The Impact of Online Information on the Value of Quality Signals in Traditional Markets
34 Pages Posted: 26 Feb 2007 Last revised: 3 Aug 2014
Date Written: April 2008
With the decentralization of information and the democratization of expertise brought about by the growth of the Web, consumers now have access to a plethora of information on various aspects of their purchase process. This study seeks to examine whether such decentralized online information substitutes or complements traditional centralized sources of information. Specifically, we examine how the increased access to online information alters the salience and value of conventional quality signaling mechanisms such as certification for consumers. We draw upon a unique and extensive dataset of consumers who obtained vehicle and transaction related information from online sources in their used vehicle purchase process to examine the impact of their information acquisition on the choice of certification, as well as the price paid. We compare the outcomes of sales across certified and non-certified used car purchases. Our findings highlight that product-related information substitutes, and price-related information complements, certification as indicated by their differential impacts on demand and price of certified used cars. We discuss the relevance of our findings for buyers and sellers and outline implications for online information providers as well.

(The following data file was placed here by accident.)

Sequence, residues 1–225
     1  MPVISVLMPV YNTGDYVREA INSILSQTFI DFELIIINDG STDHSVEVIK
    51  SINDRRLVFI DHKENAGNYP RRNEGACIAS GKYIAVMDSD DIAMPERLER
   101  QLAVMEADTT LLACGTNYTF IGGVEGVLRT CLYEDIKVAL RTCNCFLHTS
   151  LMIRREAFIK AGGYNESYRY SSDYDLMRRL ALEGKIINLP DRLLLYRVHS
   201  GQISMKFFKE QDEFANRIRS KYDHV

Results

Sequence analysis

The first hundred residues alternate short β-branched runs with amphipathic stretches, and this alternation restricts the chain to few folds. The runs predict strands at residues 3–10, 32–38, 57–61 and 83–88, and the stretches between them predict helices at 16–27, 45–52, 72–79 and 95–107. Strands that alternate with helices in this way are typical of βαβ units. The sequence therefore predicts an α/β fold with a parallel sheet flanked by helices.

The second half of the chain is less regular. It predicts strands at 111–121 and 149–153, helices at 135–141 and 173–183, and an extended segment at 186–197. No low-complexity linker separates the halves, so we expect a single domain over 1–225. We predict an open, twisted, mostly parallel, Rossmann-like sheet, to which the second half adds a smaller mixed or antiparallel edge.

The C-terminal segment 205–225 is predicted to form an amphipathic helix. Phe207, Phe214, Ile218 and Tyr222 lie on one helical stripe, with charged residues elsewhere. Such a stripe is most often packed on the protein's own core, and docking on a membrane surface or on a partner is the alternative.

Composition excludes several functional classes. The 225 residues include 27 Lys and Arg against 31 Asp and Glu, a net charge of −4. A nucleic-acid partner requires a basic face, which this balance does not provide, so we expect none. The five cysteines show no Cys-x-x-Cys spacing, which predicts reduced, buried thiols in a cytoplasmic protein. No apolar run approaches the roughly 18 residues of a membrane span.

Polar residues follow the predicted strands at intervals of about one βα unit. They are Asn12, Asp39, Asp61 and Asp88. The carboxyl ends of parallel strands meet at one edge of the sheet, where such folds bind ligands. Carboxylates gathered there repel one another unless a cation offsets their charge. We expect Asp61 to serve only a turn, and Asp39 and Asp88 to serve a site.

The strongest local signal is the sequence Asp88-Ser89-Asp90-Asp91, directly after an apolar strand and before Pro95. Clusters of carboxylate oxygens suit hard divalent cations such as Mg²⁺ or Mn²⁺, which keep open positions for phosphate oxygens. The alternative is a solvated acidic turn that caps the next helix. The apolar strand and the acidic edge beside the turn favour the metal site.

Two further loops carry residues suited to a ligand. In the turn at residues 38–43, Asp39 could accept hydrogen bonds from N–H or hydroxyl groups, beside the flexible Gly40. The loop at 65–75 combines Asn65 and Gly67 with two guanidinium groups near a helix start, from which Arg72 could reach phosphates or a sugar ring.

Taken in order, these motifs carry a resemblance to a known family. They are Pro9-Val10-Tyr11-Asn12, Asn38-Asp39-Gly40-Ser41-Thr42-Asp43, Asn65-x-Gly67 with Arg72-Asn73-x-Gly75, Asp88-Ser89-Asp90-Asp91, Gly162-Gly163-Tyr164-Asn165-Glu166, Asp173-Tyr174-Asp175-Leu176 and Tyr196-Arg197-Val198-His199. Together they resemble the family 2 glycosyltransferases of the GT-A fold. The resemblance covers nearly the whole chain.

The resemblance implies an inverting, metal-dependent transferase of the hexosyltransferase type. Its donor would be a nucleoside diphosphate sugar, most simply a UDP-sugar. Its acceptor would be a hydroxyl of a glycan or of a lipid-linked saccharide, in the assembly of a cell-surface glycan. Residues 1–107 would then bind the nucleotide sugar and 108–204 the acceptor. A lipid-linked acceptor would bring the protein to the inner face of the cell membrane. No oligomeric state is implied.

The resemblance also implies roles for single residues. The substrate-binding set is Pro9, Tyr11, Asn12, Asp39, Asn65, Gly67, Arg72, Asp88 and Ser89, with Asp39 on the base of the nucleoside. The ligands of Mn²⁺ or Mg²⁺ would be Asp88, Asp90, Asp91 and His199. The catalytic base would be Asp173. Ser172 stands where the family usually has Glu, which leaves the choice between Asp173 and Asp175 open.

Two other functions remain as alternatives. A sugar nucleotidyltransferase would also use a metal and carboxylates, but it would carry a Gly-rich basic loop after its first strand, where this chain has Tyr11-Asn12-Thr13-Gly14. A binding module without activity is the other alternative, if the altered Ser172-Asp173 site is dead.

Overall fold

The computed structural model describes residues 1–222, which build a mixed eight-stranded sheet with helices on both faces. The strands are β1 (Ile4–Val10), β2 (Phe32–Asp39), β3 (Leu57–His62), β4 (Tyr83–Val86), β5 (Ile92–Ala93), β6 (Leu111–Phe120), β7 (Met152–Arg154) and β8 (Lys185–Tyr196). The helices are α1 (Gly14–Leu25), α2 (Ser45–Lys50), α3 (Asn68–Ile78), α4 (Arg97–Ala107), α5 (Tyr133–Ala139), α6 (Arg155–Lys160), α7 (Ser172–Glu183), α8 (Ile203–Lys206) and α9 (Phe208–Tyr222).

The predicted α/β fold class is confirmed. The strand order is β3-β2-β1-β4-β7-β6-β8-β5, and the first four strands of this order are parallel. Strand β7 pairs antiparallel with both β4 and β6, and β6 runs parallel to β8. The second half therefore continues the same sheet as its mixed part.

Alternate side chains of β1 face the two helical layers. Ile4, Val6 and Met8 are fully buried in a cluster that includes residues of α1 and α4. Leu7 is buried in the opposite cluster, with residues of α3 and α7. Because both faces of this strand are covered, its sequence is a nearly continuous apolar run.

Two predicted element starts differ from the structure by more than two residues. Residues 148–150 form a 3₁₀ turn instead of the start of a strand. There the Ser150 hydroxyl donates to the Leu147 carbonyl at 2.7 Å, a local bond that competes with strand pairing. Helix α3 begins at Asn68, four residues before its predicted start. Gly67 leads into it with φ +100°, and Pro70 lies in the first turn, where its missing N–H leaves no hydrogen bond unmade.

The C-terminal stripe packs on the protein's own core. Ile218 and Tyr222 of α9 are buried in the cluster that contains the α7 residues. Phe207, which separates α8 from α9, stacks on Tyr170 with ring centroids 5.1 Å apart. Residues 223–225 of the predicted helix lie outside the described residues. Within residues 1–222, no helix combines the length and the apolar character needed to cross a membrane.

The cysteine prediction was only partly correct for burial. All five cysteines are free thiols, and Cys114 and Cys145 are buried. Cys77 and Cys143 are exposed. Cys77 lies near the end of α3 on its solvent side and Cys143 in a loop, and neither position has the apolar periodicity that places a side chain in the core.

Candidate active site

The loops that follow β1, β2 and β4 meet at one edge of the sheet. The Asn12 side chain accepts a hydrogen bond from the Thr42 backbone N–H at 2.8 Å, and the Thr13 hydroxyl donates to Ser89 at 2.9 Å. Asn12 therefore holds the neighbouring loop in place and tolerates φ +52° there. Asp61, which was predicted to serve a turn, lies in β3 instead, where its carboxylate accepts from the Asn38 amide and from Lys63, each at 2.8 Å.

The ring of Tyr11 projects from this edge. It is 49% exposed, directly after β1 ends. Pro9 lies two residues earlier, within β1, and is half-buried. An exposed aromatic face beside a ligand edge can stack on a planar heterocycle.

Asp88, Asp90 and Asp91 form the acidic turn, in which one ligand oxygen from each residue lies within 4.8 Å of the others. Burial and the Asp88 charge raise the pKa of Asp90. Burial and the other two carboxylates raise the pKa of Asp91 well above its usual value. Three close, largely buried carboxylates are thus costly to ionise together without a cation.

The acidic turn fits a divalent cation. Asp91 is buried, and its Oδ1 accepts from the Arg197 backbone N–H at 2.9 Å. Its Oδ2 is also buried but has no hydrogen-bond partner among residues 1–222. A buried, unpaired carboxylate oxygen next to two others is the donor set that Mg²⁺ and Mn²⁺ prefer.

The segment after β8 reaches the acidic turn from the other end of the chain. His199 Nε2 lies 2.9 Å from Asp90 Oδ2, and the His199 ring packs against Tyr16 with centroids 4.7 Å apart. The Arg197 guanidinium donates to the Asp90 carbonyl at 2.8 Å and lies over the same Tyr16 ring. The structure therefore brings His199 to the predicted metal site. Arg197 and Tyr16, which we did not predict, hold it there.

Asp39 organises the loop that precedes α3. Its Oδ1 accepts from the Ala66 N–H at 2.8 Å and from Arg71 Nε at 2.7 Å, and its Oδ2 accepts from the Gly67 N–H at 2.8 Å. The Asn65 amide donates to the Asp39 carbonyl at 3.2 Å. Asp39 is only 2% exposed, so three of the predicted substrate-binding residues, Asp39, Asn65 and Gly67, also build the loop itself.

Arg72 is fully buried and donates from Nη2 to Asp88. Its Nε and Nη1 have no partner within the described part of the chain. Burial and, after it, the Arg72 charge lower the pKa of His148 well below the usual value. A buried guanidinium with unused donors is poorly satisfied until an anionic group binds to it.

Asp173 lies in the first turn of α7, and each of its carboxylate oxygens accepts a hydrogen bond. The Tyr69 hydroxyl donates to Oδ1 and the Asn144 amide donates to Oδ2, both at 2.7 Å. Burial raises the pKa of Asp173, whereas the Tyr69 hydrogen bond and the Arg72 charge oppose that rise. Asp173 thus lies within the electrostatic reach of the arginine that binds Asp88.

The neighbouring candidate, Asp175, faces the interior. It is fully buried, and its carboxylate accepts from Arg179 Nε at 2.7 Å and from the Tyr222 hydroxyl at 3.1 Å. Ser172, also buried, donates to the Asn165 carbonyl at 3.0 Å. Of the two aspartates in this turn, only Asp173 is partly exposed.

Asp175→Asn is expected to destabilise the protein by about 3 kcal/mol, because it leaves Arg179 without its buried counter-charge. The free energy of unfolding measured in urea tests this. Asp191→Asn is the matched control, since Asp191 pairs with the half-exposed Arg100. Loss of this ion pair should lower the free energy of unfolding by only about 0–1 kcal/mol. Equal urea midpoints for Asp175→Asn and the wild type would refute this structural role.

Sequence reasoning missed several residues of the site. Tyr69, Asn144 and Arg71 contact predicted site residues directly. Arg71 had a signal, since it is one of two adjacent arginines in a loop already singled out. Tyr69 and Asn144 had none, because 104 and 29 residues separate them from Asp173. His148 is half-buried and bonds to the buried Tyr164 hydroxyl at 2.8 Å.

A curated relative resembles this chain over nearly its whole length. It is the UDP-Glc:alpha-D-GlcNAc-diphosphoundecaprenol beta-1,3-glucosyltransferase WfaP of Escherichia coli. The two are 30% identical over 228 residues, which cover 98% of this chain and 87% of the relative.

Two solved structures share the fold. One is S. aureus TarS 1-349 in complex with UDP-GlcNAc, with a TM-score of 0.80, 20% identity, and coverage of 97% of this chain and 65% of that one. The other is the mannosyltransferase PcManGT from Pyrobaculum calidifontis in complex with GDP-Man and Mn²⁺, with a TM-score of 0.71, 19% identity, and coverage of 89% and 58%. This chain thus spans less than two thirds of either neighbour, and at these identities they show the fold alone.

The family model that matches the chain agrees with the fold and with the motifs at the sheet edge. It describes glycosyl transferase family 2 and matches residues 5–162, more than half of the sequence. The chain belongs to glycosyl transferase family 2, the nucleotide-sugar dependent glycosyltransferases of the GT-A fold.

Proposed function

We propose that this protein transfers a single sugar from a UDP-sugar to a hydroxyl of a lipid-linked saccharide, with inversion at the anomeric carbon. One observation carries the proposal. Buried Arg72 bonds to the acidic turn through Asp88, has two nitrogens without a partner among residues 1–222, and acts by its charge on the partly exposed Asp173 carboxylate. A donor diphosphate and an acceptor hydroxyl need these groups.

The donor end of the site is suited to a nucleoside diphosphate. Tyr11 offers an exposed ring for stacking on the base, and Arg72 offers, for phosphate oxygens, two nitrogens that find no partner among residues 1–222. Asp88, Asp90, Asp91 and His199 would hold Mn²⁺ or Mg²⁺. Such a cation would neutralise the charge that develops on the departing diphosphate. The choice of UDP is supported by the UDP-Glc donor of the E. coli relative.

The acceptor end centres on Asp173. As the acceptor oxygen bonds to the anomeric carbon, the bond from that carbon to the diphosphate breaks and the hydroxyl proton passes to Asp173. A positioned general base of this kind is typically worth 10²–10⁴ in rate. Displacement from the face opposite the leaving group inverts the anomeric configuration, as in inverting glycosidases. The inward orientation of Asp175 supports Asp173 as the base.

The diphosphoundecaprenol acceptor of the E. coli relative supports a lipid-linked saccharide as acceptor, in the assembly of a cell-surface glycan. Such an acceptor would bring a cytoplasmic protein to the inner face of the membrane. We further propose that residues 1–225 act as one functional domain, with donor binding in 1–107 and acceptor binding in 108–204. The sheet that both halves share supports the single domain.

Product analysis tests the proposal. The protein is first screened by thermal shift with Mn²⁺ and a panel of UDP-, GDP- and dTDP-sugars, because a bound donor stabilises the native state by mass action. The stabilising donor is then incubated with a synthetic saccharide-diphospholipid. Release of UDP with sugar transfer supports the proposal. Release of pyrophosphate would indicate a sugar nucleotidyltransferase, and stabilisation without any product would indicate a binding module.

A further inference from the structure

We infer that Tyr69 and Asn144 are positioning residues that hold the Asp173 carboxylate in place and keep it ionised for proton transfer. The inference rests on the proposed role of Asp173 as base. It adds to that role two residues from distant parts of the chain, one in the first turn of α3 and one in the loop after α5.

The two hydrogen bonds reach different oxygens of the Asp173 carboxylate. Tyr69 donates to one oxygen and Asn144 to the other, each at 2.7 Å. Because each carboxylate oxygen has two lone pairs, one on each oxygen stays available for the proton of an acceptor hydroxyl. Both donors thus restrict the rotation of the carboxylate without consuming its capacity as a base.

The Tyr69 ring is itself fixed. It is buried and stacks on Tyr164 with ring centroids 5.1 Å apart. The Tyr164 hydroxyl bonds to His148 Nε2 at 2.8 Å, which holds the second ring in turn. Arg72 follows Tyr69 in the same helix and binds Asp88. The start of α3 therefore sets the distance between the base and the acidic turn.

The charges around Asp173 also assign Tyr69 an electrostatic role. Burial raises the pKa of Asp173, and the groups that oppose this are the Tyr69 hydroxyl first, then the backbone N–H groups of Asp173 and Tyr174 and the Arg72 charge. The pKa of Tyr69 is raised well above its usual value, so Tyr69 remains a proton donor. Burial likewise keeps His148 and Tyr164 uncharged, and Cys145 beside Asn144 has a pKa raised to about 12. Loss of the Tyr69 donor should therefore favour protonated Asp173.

Keywords: certification, online information, quality signals, uncertainty reduction, used cars
JEL Classification: M31, O33, C01, C42
Suggested Citation: Suggested Citation